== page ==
Most of the contents of the Times Literary Supplement are behind a paywall (a few pieces are free in each issue), but you can at least see the latest Table of Contents here. In that issue I’ve reviewed E. O. Wilson’s new book The Social Conquest of Earth, in which he claims that major features of human behavior evolved by group (rather than individual) selection. Sadly, my own piece, “Genes first,” is also behind a paywall, but judicious inquiry might yield you a pdf file.
Here are two excerpts:
Although Wilson pushes this view [group selection] hard –it’s the book’s centrepiece – he is probably wrong. Most biologists have rejected group selection for two reasons: it doesn’t work well in principle, and, more important, there’s no evidence that it has been of any significance in evolution. For an obvious reason, selection among groups is far less efficient than selection among genes: genes replicate and replace other genes much faster than groups of individuals divide and replace other groups. Evolving all the social traits on Wilson’s list via group selection requires a slow and unrealistic sequence of episodes in which human populations replaced each other, each replacement based on one or a few behaviours. Further, once group selection fixes a disadvantageous trait like altruism within our species, individual selection proceeds to undo it within populations (“selfish individuals beat altruistic individuals”). In other words, altruism evolved by group selection is unstable and should disappear.
If the better angels of our nature really are based on genes that evolved – rather than on non-genetic aspects of culture – then they are much more likely to have done so by individual than by group selection. This becomes even more plausible with a more detailed look at how human altruism really works. It is preferentially directed towards friends and relatives, there is much concern with reciprocity and one’s own reputation, and psychological studies show that we dislike cheaters who hurt us personally much more strongly than cheaters who hurt our group. Such behaviours are precisely what you’d expect if altruism evolved by individual rather than group selection. But Wilson ignores these problems.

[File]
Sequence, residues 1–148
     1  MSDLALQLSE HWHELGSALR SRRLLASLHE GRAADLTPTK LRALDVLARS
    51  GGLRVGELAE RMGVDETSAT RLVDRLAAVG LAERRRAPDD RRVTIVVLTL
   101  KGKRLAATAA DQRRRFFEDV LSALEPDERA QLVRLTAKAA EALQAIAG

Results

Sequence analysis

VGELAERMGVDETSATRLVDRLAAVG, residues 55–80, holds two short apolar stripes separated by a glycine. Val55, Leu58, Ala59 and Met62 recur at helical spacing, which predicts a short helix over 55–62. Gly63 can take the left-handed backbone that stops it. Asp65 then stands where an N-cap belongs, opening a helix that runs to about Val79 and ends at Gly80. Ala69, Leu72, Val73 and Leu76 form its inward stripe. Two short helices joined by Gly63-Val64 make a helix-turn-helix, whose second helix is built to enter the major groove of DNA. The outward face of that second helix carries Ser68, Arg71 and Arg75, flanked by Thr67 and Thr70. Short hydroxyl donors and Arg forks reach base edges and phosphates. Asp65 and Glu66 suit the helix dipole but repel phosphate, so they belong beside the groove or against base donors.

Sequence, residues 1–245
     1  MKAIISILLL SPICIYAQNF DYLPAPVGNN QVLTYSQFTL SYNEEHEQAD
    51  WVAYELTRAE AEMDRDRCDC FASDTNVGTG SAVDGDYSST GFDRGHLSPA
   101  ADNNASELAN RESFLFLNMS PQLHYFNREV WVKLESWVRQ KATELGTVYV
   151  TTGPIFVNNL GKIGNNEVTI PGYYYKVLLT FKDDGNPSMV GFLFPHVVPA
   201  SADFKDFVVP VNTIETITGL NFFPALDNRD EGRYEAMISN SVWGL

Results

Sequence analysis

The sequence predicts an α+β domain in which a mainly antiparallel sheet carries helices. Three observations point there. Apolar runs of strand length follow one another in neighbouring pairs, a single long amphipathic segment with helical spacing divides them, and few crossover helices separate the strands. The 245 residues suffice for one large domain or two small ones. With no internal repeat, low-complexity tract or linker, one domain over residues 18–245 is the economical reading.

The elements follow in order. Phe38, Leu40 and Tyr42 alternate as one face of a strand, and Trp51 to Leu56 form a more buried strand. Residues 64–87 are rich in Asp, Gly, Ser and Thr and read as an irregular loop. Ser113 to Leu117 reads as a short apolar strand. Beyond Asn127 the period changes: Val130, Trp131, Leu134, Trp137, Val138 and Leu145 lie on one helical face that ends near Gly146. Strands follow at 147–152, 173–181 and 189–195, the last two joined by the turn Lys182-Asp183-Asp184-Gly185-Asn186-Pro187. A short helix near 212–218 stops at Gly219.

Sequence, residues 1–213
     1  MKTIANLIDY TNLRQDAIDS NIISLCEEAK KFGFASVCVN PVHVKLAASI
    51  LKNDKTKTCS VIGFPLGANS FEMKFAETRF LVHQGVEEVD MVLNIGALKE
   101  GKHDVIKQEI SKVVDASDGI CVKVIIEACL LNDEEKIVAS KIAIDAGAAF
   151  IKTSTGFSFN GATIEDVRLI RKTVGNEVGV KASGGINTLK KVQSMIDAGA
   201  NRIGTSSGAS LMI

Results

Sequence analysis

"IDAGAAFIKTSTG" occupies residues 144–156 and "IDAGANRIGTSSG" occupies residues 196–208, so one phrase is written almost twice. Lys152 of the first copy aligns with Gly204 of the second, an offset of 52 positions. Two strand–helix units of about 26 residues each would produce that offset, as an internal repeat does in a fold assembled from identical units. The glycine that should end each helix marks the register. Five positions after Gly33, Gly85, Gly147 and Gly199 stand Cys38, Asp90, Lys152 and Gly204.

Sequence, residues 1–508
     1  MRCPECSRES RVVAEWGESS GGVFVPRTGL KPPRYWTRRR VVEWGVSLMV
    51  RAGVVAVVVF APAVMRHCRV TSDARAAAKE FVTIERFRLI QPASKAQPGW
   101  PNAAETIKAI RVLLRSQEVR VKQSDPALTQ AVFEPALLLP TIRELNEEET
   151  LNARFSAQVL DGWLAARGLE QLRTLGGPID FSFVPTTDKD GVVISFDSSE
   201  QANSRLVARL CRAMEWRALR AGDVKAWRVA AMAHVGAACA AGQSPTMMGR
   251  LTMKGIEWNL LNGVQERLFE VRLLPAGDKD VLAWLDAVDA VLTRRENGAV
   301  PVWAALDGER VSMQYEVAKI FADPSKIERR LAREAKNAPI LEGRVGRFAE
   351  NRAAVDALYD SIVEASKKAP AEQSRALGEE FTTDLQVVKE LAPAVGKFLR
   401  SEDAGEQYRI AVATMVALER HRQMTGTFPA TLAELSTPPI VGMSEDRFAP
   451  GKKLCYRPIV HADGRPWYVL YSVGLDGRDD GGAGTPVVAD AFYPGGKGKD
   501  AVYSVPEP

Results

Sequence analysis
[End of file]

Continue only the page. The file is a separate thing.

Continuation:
It is not even clear that altruistic groups of humans would beat non-altruists. Steven Pinker has noted that success of one group over another in the real world is based not on higher frequencies of altruistic individuals, but on matters like harsher discipline, better technology, and more brutal ideology. Indeed, altruistic groups may be more easily defeated because their empathy for the weak makes them susceptible to domination. But the most important problem is this: I know of not one evolved behaviour in any species that is harmful to individuals and their genes but good for their social groups. In the end, Wilson’s invocation of group selection is superfluous.
Needless to say after that, I don’t recommend buying this misguided book, which is a sad departure from Wilson’s usual high standard of thinking and writing.